Sam's Circus Home
Facts Behind the Story
Sam's Circus--Thoughts on the Production
This pilot should have been given a chance for success by CBS but it never saw the light of a cathode ray tube. The cast was a bunch of terrific young actors. They portrayed WW II Army infantrymen extremely well and the Producer/Director Bob Singer had his heart in the right place to make subsequent episodes as good as the pilot. Why it never got onto the network radar screen remains a mystery and no amount of research I've been able to do ever yielded a credible reason.
It was sold based on the huge critical acclaim over Saving Pvt. Ryan and we gave the network just what they said they wanted in a made-for-TV format. Not only did the CBS suits refuse to schedule the show, they also refused to air the pilot to sense audience reaction: an odd move.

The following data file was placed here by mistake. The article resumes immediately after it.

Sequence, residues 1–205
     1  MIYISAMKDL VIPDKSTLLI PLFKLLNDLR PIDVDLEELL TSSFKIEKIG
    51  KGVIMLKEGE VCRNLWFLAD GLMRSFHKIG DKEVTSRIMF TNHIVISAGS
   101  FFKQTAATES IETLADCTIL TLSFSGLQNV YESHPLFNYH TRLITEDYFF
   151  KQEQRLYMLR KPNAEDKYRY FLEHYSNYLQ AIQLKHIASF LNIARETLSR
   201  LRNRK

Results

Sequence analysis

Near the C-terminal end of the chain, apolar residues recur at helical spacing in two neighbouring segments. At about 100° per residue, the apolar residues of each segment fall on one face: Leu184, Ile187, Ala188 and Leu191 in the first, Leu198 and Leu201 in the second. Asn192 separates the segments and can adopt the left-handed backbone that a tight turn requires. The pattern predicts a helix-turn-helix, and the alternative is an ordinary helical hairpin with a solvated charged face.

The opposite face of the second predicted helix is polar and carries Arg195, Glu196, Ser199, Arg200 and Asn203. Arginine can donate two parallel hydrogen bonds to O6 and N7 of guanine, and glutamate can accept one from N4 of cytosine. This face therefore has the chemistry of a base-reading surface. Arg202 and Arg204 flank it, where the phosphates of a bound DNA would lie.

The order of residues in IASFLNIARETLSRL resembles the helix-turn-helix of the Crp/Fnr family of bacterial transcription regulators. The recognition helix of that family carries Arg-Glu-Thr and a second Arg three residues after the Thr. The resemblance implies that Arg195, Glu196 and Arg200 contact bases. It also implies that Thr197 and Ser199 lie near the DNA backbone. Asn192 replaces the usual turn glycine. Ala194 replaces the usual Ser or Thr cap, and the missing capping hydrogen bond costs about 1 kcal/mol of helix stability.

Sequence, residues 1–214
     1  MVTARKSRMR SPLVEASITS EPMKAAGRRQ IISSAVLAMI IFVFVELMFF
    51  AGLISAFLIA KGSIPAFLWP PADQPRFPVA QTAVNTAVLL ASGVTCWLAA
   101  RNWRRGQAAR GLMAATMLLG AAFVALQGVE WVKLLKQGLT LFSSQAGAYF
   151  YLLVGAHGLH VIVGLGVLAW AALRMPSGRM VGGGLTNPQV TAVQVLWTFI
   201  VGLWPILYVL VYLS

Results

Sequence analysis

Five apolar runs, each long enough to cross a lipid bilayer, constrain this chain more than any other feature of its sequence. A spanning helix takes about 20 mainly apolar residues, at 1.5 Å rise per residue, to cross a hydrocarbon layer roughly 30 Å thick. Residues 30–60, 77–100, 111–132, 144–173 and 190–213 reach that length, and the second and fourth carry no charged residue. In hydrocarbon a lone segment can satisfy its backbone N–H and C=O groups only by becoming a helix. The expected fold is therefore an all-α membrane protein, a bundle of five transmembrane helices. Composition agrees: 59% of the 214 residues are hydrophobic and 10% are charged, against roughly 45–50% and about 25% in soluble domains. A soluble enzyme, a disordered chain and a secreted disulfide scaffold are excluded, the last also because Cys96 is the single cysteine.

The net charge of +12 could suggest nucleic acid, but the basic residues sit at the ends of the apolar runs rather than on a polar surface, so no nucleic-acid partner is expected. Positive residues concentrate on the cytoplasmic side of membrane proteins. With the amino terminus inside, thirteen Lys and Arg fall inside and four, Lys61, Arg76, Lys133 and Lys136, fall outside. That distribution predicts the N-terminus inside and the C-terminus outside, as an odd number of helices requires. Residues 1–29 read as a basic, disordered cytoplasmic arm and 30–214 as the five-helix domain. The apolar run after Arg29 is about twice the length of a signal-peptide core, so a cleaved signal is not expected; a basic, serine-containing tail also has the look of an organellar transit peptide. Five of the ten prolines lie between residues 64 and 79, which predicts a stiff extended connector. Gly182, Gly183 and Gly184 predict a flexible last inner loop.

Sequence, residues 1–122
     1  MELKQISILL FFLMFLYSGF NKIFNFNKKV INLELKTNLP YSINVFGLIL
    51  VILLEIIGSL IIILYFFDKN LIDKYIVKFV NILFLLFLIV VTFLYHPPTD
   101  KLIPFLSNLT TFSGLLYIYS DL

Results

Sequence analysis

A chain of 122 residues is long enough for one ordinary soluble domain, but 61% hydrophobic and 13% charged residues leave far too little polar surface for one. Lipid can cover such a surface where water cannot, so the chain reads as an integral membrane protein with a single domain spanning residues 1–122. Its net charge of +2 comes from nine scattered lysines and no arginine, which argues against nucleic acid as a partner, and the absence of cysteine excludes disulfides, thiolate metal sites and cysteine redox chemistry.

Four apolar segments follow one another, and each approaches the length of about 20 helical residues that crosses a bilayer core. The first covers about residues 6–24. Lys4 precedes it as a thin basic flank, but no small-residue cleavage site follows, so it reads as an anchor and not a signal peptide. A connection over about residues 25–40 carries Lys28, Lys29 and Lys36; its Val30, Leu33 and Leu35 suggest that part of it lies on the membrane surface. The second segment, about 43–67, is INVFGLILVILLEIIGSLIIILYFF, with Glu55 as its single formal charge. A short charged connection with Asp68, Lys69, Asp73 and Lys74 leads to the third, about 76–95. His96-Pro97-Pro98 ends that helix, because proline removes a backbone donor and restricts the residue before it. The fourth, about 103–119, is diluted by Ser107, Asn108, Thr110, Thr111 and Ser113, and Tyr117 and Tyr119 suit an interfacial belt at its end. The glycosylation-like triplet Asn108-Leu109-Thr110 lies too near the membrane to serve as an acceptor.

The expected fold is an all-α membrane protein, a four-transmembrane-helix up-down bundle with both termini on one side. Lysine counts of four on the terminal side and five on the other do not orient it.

I smelled then - and I smell now - a political rat. From their position high atop a TV exec's ivory tower, some people just can't see beyond mid-town Manhattan. They perceive that a military-themed, primetime war drama might label them as warmongers or might serve to celebrate those military losers in uniform who aren't brilliant enough to be network TV execs. Maybe they're out of touch with their audiences?
Or maybe they're just dumb. Have they never heard of the long-running, highly successful series called 'Combat?' We may never know, but this pilot taught me a lesson about network TV and the military in general. They mix about as well as oil and water.
One bright light in the making of the series was a return to the fold of one of our previously-trained actors who was a huge helping in preparing the Sam's Circus actors for their roles. Richard Speight played the squad medic in the pilot. He was also played Sgt. Muck - and was one of the sterling members of Easy Company, 506th PIR - in Band of Brothers. We were beginning to see a pattern. A number of actors who had previously been through Warriors Inc. training were starting to turn up in subsequent projects.